Monday, December 14, 2015
In Vermont, a debate has flared up concerning the ability of the landowners and the state to amend perpetual conservation easements. These easements are created by property owners that want a portion of their land to be preserved in the same state of nature as when the conveyance was made and have, up until now, proved difficult to alter once recorded. However, these easements have caused controversy as later owners of the property generally want full use of the land especially when the easement gets in the way of development. In response, a plan was put forward by a prominent conservation group which would have allowed a state board to adjust easements as long as the adjustment was made with the overall goal of furthering conservation. However, opponents were quick to point out that the plan gave tremendous leeway to the state to override the wishes of the property owners that established the easements and end up with results wildly out of sync with the intent of the creator. In the end, the proposal did not gain much traction but this issue will remain in the minds of many and will likely lead to further action down the line in Vermont, and elsewhere, due to the 40 million acres of land in the US that are currently protected in this manner.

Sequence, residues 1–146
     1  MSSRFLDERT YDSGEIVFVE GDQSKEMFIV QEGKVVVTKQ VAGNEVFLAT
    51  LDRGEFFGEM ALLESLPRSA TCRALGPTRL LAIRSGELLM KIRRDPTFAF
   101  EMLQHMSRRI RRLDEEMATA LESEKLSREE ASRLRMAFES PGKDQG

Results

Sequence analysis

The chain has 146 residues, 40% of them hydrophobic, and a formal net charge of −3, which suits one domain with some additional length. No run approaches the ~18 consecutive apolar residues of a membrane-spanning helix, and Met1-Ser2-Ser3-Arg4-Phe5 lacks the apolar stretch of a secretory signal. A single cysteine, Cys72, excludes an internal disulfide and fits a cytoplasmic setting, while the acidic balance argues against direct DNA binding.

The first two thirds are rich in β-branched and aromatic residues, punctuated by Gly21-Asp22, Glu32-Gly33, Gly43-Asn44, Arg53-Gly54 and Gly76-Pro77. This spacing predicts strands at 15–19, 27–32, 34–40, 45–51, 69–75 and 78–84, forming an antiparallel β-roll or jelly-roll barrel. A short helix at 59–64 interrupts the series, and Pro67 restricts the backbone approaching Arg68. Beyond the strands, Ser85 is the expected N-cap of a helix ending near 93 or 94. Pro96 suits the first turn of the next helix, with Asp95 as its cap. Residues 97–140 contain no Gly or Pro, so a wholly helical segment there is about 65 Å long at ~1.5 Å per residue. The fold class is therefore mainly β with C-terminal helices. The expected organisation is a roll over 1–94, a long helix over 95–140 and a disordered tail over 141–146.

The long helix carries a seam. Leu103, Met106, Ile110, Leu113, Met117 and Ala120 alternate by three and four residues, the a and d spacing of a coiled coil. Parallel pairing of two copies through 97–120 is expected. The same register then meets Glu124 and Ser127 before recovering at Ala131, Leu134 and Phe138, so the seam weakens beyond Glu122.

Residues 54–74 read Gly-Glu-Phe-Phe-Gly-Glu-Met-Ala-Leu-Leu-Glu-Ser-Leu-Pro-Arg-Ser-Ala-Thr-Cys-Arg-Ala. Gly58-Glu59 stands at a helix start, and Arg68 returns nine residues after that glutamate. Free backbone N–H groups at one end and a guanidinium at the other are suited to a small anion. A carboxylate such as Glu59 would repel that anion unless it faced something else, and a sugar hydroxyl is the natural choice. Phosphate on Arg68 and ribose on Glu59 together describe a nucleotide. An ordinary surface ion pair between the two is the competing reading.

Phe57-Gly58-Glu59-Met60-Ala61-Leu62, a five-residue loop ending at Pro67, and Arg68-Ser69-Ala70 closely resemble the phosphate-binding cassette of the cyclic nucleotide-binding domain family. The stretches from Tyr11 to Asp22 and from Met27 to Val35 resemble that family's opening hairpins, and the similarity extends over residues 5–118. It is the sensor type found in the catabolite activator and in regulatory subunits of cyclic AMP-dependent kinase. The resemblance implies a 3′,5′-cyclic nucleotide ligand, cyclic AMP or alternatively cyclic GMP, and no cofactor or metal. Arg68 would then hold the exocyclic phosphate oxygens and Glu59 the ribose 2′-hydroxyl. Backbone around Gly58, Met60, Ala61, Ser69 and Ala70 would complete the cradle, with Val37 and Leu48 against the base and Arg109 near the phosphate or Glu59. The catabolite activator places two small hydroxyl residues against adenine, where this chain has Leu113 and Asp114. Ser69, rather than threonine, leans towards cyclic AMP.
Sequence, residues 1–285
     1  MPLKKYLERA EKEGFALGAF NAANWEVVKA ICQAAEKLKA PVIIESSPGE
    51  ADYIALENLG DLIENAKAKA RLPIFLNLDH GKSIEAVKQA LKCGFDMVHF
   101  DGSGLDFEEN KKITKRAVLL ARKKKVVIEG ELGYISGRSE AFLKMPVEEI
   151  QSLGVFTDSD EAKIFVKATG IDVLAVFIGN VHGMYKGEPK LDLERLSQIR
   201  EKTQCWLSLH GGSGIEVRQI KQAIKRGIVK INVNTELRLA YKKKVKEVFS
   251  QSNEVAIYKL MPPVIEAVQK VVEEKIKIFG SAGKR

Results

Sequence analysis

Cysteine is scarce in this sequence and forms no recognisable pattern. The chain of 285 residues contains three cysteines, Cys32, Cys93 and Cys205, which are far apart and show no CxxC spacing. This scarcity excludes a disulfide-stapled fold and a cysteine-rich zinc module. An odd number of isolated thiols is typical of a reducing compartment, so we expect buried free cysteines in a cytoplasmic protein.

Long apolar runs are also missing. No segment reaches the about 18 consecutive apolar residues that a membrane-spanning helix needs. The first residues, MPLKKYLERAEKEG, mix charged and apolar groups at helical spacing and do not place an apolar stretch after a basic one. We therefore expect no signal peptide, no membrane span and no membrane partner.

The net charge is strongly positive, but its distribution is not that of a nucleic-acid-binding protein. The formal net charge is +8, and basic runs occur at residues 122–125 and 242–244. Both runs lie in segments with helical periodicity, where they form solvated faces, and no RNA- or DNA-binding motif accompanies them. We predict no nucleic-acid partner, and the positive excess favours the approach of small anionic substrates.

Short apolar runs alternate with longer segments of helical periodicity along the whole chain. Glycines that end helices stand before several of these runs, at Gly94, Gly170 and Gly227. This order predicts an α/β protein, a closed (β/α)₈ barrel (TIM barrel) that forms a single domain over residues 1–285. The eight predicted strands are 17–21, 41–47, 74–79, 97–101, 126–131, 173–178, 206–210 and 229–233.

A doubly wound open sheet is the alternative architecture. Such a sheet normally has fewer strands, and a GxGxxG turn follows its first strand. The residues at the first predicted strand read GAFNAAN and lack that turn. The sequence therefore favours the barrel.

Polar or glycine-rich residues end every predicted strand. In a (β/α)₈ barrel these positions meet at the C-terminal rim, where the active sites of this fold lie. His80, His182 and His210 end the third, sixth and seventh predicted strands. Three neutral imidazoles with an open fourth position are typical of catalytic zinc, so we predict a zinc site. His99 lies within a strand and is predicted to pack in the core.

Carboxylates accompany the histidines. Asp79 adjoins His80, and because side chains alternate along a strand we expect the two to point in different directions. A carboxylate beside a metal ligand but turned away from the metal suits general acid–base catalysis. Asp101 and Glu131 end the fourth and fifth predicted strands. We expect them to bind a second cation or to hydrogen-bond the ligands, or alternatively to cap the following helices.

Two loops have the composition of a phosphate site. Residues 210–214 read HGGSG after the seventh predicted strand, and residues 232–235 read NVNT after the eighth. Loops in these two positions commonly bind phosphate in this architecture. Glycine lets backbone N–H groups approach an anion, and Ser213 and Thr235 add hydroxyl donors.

See John Echeverria & Janet Milne, PROTECTING VERMONT’S PERPETUAL CONSERVATION EASEMENTS, VT Digger, December 6, 2015.
Special thanks to Nancy A. McLaughlin for bringing this article to my attention.